• Referring to FIG. 11, the dual purpose solid state power converter 18 includes an input circuit 82 which receives three phase power from power distribution circuits in the airport terminal. This input circuit 82 converts the three phase AC signal to a DC signal on a bus 84 which is supplied to an aircraft power circuit 86 and to a battery charging circuit 88. The aircraft power circuit 82 converts the DC power from bus 84 to meet aircraft ground power requirements, in the present embodiment, a three phase 115-200 volt 400 hertz current which is supplied as ground power to a parked aircraft. A monitoring circuit 90 may be provided to monitor the current and voltage supplied to the aircraft and to cause a control circuit 92 to interrupt power to the aircraft should predetermined limits be exceeded.
  • The battery charger circuit 88 converts the DC power on bus 84 to a lower voltage controlled DC current appropriate for charging batteries in ground service equipment. Typically, this voltage will be in the order of 28 volts DC and the current provided will be low, typically in the order of 20 amps or less, depending on battery condition. A monitoring circuit 94 monitors the output of battery charger circuit 88 to interrupt operation of the charger circuit in the event predetermined current or voltage limits are exceeded. Additionally, voltage and temperature monitoring circuits may be provided in association with the batteries under charge in the ground service equipment to adjust the charging voltage or the charging current as required.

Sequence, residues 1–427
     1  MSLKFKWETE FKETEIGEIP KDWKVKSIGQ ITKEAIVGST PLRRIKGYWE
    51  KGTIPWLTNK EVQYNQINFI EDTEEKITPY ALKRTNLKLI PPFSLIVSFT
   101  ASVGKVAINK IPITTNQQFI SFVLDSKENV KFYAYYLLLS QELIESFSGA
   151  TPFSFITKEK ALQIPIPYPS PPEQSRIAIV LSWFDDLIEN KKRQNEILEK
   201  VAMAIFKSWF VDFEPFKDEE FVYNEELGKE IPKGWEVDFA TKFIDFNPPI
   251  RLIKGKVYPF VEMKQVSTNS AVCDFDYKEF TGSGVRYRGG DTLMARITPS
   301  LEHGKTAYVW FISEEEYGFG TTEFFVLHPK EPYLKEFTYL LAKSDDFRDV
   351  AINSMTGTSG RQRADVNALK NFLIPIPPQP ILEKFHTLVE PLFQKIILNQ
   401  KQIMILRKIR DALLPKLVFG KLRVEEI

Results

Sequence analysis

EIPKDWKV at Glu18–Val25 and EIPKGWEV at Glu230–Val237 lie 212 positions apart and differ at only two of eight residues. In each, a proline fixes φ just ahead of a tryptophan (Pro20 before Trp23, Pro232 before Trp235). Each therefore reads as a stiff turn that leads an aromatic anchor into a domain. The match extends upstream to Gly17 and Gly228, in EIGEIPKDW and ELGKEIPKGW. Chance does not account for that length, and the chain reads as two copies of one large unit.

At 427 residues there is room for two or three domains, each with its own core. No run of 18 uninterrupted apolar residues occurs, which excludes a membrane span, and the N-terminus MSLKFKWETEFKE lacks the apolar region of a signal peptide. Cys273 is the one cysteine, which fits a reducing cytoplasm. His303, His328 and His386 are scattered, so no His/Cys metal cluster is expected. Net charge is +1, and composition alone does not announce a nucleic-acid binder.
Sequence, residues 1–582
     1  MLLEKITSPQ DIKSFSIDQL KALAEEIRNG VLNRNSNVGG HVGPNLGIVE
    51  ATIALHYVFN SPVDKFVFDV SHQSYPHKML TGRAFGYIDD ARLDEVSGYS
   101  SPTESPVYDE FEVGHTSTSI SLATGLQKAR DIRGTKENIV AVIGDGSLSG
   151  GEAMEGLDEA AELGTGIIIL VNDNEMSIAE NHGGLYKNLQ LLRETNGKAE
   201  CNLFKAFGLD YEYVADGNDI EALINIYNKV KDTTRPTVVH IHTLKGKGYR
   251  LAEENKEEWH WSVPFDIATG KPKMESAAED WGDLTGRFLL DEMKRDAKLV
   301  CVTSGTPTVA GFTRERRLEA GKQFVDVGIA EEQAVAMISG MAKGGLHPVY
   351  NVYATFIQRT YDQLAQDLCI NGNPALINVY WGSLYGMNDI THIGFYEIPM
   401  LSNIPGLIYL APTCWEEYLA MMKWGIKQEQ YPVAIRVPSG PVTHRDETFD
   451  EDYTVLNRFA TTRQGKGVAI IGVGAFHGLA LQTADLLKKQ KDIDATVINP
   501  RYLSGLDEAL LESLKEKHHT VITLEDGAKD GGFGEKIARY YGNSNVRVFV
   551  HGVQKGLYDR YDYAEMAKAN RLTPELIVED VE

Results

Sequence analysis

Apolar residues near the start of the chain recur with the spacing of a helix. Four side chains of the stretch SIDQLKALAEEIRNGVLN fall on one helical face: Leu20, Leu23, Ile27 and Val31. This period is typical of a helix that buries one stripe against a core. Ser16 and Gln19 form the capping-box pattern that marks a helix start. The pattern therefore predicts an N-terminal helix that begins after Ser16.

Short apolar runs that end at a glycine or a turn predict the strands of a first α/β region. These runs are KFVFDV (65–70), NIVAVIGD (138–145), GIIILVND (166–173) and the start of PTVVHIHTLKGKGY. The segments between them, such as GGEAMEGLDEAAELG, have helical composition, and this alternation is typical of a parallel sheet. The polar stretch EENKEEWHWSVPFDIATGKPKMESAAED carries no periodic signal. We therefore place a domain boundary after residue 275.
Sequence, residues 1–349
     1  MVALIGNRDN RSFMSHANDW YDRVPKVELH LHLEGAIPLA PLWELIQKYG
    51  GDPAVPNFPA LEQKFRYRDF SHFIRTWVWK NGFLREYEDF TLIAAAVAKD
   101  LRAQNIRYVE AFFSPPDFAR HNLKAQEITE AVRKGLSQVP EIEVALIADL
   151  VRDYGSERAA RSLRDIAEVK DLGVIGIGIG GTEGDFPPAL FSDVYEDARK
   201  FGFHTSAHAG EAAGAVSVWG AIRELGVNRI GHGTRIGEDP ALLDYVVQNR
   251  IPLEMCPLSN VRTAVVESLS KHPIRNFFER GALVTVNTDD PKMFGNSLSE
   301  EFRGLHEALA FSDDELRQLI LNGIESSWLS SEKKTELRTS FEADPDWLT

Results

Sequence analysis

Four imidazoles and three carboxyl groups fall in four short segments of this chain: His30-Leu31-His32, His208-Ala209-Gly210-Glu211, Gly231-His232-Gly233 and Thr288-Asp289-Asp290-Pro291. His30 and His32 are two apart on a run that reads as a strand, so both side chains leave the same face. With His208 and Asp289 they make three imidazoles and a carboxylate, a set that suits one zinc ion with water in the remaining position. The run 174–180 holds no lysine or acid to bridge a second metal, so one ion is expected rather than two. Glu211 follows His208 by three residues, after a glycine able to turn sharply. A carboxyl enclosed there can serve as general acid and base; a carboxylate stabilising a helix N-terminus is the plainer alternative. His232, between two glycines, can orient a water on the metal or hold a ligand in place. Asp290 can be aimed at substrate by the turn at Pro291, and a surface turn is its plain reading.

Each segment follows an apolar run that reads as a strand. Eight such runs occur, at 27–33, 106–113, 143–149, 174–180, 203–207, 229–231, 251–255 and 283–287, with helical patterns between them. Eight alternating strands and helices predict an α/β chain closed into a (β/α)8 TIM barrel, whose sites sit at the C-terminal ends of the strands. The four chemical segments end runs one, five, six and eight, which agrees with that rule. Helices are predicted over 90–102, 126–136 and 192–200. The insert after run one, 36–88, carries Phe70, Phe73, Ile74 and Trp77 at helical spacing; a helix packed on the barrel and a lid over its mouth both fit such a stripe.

• Control circuit 92 includes connections to a battery charging ramp control panel to signal when the battery charger is in use and to allow ramp personnel to control the charging function. Additional connections are provided for ramp personnel to control the application of ground power to the aircraft.